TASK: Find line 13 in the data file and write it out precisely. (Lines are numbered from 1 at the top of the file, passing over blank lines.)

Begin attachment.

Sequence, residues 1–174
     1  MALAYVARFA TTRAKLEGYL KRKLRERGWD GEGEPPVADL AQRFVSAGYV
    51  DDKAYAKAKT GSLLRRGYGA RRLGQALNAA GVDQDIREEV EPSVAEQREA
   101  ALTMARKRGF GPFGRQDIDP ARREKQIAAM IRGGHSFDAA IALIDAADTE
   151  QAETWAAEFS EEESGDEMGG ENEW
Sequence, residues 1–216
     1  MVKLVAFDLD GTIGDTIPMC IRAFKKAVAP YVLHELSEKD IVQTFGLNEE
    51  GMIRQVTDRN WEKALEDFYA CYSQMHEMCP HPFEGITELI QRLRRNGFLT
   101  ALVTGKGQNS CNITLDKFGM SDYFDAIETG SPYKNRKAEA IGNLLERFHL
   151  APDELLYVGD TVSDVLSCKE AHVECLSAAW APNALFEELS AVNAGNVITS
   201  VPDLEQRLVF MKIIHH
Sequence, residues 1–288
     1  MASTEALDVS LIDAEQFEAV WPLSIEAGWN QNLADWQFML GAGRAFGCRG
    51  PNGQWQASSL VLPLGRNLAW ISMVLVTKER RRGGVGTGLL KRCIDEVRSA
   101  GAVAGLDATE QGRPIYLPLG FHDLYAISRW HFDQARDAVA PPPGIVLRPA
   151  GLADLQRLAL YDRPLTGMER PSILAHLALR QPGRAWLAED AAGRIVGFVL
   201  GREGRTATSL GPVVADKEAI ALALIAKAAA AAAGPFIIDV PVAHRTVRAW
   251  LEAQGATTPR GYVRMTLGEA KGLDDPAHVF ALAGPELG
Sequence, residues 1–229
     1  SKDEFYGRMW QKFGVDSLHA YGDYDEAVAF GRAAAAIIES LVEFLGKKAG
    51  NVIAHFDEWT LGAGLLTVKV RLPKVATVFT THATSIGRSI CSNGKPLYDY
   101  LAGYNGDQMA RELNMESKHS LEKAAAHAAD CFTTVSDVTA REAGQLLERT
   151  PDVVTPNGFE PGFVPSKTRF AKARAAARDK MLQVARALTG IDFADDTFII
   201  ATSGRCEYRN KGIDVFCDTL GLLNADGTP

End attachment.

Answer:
     1  MASTEALDVS LIDAEQFEAV WPLSIEAGWN QNLADWQFML GAGRAFGCRG